Mortal Ladies Possessed
nytheatre.com review by Stan Richardson
May 17, 2005
Mortal Ladies Possessed, an adaptation of a number of Tennessee Williams short stories, hodgepodged into a one-woman show for the actress Linda Marlowe, is untidy but not entirely unengaging. Simply put, it’s hard to follow what’s going on.
Adaptor Matthew Hurt has selected interesting and underexplored source material—the Williams’s stories concerned include “The Coming of Something to Widow Holly,” “The Interval,” “Man Bring Up This Road,” “In Memory of an Aristocrat,” and “Oriflamme”— but said material has been left as it was found: interesting and underexplored.
I gather that the meta-story concerns Widow Holly and her reflections about the various women who have breezed and busted through her boarding house: desperate, distraught, and eccentric ladies, chasing the men who haven’t made good on their promises, who have abandoned them. The most involving of these stories is “The Interval,” in which a woman named Gretchen meets on Laguna Beach a young Hollywood hopeful, who’s certain to be “as big as Cary Grant. Bigger.” Not surprisingly, she starts supporting him emotionally and financially, sending him to New York, joining him to meet all his new male friends who “all talk and act like they’re in a drawing room comedy,” reveals that she is pregnant, and is summarily dumped.
It is Williams’s language that makes such stories meaningful and Hurt understands that, but he seems to use only three techniques to try to make the prose theatrical: recorded voices overheard by the Widow, direct address to the audience, and responses to imaginary scene partners. Thus the script already relies a great deal on the interpretive artists to make this an exciting watch.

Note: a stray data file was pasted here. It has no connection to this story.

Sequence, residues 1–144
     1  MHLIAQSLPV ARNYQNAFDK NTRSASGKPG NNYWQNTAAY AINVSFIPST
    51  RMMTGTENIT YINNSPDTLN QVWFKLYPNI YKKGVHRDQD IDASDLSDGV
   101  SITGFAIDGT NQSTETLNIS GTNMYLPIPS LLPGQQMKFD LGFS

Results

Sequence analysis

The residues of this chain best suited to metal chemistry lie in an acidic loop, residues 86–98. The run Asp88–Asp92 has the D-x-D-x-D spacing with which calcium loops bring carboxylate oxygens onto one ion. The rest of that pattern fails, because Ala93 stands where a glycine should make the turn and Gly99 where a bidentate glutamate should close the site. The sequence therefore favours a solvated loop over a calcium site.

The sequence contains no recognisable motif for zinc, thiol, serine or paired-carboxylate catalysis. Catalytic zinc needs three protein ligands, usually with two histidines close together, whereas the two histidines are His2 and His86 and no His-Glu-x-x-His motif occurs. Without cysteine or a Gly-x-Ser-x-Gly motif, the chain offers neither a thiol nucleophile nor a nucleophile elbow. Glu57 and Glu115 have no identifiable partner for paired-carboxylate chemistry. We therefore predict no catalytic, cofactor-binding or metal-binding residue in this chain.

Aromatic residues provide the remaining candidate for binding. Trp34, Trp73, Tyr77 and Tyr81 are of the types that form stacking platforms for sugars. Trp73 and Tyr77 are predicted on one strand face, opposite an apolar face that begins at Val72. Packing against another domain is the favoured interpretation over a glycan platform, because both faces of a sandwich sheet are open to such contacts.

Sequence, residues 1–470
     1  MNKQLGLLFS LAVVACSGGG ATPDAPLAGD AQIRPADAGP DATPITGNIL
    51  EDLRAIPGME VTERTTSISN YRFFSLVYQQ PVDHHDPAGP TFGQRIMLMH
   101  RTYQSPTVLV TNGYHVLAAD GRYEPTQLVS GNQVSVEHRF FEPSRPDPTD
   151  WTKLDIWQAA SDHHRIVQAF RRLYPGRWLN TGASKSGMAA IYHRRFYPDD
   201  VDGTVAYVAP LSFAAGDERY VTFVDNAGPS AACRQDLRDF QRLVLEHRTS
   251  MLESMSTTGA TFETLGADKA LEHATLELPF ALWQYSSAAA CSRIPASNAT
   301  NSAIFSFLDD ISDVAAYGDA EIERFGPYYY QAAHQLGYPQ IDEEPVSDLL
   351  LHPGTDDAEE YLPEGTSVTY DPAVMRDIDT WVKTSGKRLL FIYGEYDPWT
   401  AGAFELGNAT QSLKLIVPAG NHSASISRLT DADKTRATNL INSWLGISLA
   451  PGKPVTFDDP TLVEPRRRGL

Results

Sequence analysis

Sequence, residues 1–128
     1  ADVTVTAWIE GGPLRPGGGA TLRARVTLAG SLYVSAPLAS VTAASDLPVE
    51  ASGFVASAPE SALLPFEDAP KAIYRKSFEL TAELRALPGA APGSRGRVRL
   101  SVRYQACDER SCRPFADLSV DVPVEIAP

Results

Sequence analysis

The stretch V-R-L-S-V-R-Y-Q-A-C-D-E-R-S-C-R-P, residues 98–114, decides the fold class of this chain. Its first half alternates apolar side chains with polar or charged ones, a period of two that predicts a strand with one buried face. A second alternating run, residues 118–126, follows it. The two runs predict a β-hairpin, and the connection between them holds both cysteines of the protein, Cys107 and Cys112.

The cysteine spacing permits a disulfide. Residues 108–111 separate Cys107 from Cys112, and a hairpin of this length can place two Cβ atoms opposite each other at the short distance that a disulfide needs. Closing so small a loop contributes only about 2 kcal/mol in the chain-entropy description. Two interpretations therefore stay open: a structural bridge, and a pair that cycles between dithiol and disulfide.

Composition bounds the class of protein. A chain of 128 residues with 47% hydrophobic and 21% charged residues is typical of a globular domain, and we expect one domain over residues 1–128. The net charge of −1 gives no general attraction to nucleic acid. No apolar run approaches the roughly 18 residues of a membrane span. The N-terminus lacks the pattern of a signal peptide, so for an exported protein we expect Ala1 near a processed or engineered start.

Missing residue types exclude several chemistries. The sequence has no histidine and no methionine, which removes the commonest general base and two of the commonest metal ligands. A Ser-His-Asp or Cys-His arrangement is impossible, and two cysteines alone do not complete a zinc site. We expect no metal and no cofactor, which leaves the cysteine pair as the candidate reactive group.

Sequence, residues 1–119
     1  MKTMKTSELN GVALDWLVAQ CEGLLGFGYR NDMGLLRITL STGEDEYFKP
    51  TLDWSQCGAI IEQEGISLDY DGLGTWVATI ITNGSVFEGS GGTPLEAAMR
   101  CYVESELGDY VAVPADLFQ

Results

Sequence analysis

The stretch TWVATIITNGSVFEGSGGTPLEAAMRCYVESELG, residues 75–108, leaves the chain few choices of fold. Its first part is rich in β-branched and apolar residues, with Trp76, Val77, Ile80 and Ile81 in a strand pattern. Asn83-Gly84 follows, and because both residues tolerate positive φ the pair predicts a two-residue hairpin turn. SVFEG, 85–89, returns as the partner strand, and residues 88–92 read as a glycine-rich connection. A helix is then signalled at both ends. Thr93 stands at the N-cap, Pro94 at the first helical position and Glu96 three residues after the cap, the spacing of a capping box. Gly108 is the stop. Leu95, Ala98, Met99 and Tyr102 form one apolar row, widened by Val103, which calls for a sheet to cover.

Director Stuart Mullins and actress Marlowe seem more invested in making this a tour-de-force than in helping the audience understand a) what we are watching and b) why. Marlowe is clearly brimming with passion and ability, but stops short of being captivating by a muddy Southern accent that can only be described as Scottish, and her physicality communicates two qualities: old and young. Mullins might have helped her develop more distinct (and accurate) voices and physical characterizations. He also could have made better use of the black box theatre, making some bolder staging choices to further delineate time and place.
Set designer Rachana Jadhav’s one notable set piece—a wooden frame on wheels with a full-length shade—is sometimes used as a closed door, sometimes as an open door, and sometimes Marlowe turns the frame so it pivots on its stand and lies flat like a surfboard or an examination table, but I can’t figure out why she does that. Phil Hewitt's lighting and Simon McCorry’s sound are serviceable, but feel similarly unguided.
Mortal Ladies Possessed, part of the Brits Off Broadway festival at 59E59, may not be “the best in new British theatre” but at least it keeps us acquainted with the considerable talents of Marlowe and introduces us to some unfamiliar short stories by Williams that are indeed worthy of further exploration.